“If the Joint Committee on Vaccination and Immunisation (JCVI) says that is a possibility, we can make it happen. We have the supply, the logistical plans in place – we will absolutely work to make that happen.”
‘Go hard, early and broad’ if you want to get on top of a pandemic – Vallance
Sir Patrick was asked what could have been done differently to tackle the pandemic from the outset.
“We will have got some things right and some things wrong, and we’ve learned a lot as we’ve gone through this, and we know a lot more about the virus today than we did then, for sure,” he said.
“I think there is a very simple series of recommendations which I’ve been pushing continuously and I’ll continue to do so, which is the lesson is: go earlier than you think you want to, go a bit harder than you think you want to, and go a bit broader than you think you want to, in terms of applying the restrictions.
“I’m afraid that’s a grim message but that is what the evidence says – you’ve got to go hard, early and broader if you’re going to get on top of this. Waiting and watching simply doesn’t work.”
He said there were so many cases in the UK by March that restrictions such as quarantining people as they came into the country would not “have made any difference at that time”.
Vaccines can’t do ‘heavy lifting’ for us – we must stick to lockdown rules
Asked if the lockdown would be kept in place if infection figures dropped, Sir Patrick said: “The advice at the moment is vaccines are not going to do the heavy lifting for us at the moment, anywhere near it.
“This is about, I’m afraid, the restrictive measures which we’re all living under and carrying on with those.
“The numbers are nowhere near where they need to be at the moment, they need to come down quite a lot further – we need to make sure we stick with it.
“You go for a walk in the park or something, life looks normal; you go for a walk in a hospital, if you work in a hospital, you will see life not looking normal at all.
“This is a really difficult, dangerous situation we’re in, and we need to get the numbers down, so I don’t see a release of these measures as being a sensible thing to do in the short term.”
He said it was hoped that as the vaccine took effect and numbers dropped, it would be possible to start a gradual release of some of the measures.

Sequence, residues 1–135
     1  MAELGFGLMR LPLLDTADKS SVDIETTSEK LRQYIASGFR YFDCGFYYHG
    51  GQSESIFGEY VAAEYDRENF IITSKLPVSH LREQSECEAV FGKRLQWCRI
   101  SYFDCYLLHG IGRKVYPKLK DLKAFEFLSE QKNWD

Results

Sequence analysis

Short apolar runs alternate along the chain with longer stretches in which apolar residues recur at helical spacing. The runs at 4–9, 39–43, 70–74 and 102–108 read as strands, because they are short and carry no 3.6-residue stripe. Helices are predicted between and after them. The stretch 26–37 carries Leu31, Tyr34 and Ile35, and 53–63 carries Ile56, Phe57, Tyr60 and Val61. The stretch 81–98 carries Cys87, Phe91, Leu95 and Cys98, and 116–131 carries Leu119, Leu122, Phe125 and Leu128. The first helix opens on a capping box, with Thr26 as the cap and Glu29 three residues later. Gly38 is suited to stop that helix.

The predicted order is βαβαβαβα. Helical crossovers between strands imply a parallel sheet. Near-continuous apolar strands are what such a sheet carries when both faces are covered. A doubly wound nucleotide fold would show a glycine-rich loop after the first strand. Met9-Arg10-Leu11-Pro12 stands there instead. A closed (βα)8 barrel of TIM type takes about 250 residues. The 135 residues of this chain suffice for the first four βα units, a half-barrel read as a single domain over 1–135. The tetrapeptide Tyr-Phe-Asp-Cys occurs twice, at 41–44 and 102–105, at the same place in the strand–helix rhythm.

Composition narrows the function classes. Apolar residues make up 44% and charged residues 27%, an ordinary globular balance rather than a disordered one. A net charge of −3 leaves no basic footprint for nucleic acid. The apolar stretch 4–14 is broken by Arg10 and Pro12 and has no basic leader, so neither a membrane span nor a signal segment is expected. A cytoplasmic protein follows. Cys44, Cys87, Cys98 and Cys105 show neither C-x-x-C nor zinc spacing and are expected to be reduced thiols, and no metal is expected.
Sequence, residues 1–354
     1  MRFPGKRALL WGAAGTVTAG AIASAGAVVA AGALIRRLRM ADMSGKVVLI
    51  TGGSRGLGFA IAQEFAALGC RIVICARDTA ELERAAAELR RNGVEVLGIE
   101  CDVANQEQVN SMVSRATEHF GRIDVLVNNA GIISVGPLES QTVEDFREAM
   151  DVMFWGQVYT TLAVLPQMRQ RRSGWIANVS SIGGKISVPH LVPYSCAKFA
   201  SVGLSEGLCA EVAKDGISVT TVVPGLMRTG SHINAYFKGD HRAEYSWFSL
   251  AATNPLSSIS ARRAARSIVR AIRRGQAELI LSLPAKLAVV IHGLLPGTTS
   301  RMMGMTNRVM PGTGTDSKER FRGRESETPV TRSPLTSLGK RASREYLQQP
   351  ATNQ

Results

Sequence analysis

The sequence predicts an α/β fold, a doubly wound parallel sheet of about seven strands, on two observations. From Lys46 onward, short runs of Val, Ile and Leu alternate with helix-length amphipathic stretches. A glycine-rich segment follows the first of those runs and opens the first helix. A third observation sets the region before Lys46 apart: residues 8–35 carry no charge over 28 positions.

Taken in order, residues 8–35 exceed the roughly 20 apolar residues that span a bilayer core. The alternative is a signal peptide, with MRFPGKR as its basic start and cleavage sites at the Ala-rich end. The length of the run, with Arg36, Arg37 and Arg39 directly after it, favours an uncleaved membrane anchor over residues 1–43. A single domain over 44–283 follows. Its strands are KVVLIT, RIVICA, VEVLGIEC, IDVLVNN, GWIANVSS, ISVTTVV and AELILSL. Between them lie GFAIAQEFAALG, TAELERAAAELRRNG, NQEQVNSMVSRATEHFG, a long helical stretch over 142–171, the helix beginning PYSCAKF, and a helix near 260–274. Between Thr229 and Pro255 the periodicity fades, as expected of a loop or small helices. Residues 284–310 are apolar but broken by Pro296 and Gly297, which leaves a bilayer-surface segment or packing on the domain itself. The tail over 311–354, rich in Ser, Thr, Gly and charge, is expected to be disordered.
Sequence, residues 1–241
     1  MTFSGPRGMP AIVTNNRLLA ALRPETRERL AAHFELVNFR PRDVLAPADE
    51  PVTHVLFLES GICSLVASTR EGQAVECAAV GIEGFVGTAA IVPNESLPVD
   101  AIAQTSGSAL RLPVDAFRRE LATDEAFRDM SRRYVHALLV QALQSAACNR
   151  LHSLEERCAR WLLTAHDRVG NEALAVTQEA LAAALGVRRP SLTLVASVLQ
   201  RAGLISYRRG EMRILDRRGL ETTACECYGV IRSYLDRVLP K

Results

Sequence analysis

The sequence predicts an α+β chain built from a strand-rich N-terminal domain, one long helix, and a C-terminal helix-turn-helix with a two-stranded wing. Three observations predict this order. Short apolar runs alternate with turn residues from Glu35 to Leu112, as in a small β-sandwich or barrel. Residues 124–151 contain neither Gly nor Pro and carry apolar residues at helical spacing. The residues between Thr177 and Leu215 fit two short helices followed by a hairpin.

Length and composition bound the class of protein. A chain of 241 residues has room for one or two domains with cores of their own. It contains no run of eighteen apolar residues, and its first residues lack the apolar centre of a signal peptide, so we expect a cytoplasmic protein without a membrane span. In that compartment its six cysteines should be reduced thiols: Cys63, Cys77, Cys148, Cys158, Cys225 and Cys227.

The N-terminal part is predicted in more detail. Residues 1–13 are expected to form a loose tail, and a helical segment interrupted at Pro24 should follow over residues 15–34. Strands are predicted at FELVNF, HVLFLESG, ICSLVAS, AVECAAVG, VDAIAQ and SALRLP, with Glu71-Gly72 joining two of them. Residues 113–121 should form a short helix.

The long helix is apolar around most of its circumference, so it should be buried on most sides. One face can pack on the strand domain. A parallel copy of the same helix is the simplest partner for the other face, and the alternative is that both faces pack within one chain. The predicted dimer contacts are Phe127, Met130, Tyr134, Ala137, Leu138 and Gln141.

“But I think it’s important to recognise this is not going to be a sort of big bang, ‘great, take the lid off, everything’s fine, we can all go back to normal’.
“This is going to be a slow release, monitoring carefully, understanding the effects.”
Don’t visit loved-ones inside care homes even if they’ve had both jabs – Vallance
Asked whether indoor care home visits were safe if residents had been given two doses of the vaccine, or if there was testing plus one dose of the vaccine, Sir Patrick said: “This is a horrible situation, and many of us have got relatives who are in care homes and how difficult it is not to be able to see them and not to be able to do the things that we all wish to do – the normal human things – but I’m afraid my answer to this question is no, it’s not safe.
“And we have to know that with the levels of infection as they are at the moment we have to stick to the rules to get the levels down, and that means not jumping the gun.
“This is not the time to be relaxing any measures at all, I’m afraid, and care homes have got done a good job of getting rules in place… and we have to stick with that for a bit longer – however difficult, however personally challenging that is, I’m afraid that is what we need to do at the moment.”
He said it would be “tricky” to allow visits unless community infection dropped much lower, adding: “We’re at really high levels.”
He added: “I’m afraid this is absolutely not the time to be talking about relaxing measures (in care homes).”
Vaccines won’t get cases under control now – ‘hands, face, space’ will
Sir Patrick said face masks were important for preventing spread from those who were infected and were important in crowds and for indoor mixing.
He added: “Vaccines – which are going to be so important in the long run – vaccines are not going to get the numbers under control now.
“The things that are going to get the numbers under control now are hand hygiene, keeping distance, not socialising, staying at home, wearing masks in situations where you have to be out.
“These are the things that are going to keep the numbers down now and the things we absolutely need to focus on because numbers are very high still.”
Inequalities faced by BAME groups is a ‘tragedy’ – Vallance
On Israel’s claims that efficacy from the first dose of the Pfizer vaccine may be as low as three per cent, Sir Patrick said studies showed that from day 10 after vaccination to 21 days and beyond, it was “much more like 89 per cent”, though he admitted “when you get into real-world practice things are seldom quite as good as clinical trials”.
He added: “It probably won’t be as high as that in practice, but I don’t think it’ll be as low as the figures you’ve just given.”
In a Q&A on Sky News, Sir Patrick also addressed why black, Asian and ethnic minority groups had not been made a priority group for the vaccine.
“I think there’s a tragedy and the tragedy is relating to inequality, and it’s also relating to black, Asian and minority ethnic groups, where we know there’s an increased risk, for sure,” he said.
“The prioritisation that the JCVI (Joint Committee on Vaccination and Immunisation) has done has been based on the highest risk and the highest risk factor for this is age.”
But he said there was a need for a “real campaign to make sure we reach those harder to reach groups”, including people who may be hesitant to have a vaccine.
More on those inequalities here: